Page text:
Families take care of Flight 800 memorial
The planting, tending, weeding and watering was on track, and mica from the memorial sparkled; but on the eve of their most important day of the year, the TWA Flight 800 memorial site managers found landscaping laid to waste.
Deer struck overnight Friday, ruining baskets of petunias planted specially for today's 15th anniversary of the crash that killed 230.
"They haven't hit us in a while and now this," site manager Chris Carlisle said Saturday.
It costs about $100,000 to $150,000 annually to keep up the $15-million memorial, built at the closest point to where the Paris-bound plane crashed.
Long Island natives Eleanor and John Seaman, aunt and uncle of crash victim Michele Becker, 19, travel regularly from Albany to oversee upkeep on behalf of the Families of Flight 800 Association.
They work with Frank Lombardi, of the Moriches-based Independent Home Living Program, whose developmentally disabled clients help maintain the site. Other support comes from the county parks and labor departments and County Sheriff Vincent DeMarco. County jail inmates help with cleanup and lay 200 yards of mulch each spring.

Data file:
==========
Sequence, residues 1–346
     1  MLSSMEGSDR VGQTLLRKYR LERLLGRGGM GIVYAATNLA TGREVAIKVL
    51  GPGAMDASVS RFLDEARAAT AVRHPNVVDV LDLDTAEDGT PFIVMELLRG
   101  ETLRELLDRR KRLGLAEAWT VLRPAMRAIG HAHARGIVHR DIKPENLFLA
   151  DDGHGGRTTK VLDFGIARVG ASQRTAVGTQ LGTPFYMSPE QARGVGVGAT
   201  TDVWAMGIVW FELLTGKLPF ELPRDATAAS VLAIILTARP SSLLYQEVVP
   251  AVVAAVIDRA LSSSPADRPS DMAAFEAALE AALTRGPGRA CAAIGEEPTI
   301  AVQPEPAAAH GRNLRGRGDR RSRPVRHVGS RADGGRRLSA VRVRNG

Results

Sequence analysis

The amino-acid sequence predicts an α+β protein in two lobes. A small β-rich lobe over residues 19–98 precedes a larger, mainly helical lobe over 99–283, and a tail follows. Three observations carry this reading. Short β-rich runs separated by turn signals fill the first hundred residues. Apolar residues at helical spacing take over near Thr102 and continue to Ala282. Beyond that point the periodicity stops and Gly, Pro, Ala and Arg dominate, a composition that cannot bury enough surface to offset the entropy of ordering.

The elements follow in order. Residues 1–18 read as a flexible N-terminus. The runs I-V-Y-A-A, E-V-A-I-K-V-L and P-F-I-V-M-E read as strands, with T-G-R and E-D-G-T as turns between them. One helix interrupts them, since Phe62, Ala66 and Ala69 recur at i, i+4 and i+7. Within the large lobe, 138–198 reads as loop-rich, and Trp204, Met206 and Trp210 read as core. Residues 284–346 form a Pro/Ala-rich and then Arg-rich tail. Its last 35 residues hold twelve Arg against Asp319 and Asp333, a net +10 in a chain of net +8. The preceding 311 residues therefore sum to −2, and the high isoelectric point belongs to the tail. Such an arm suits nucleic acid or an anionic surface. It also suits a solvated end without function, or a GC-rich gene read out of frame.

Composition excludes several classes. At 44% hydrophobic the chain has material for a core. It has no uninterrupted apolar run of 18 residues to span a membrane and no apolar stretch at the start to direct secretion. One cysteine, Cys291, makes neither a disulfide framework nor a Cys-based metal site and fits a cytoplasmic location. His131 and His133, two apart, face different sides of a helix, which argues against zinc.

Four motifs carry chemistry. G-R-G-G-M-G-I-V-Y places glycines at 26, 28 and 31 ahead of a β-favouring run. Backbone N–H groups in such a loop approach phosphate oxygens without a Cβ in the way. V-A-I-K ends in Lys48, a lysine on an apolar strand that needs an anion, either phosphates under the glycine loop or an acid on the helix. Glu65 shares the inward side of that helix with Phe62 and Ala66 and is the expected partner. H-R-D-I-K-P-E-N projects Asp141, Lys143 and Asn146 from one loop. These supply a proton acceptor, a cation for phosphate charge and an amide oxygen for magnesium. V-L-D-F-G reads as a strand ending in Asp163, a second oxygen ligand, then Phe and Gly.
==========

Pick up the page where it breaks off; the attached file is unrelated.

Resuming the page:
At the memorial yesterdaySaturday, they spoke of the pride they felt as Long Islanders when the community reached out after the disaster. "It feels good to know this is a place the community can enjoy, and find peace and solace," Eleanor Seaman said.
When the tragedy happened, she said, "we were intensely proud to know that we were from here when everyone here opened their hearts to us.""We're not getting any younger," said John Seaman. For three years, the association has been trying to raise $2 million to $3 million to maintain the site in perpetuity. So far, $170,000 has been raised. Representatives from the association's board also hope to meet county executive candidates Angie Carpenter and Steve Bellone to discuss county funding.
Association president Aurelie Becker, Michele's mother, said it was never envisaged the families would take care of the monument. "We saw it as our job to get it built and that when it was done, the community would take care of it. That's what we hoped because that's what we were told," she said.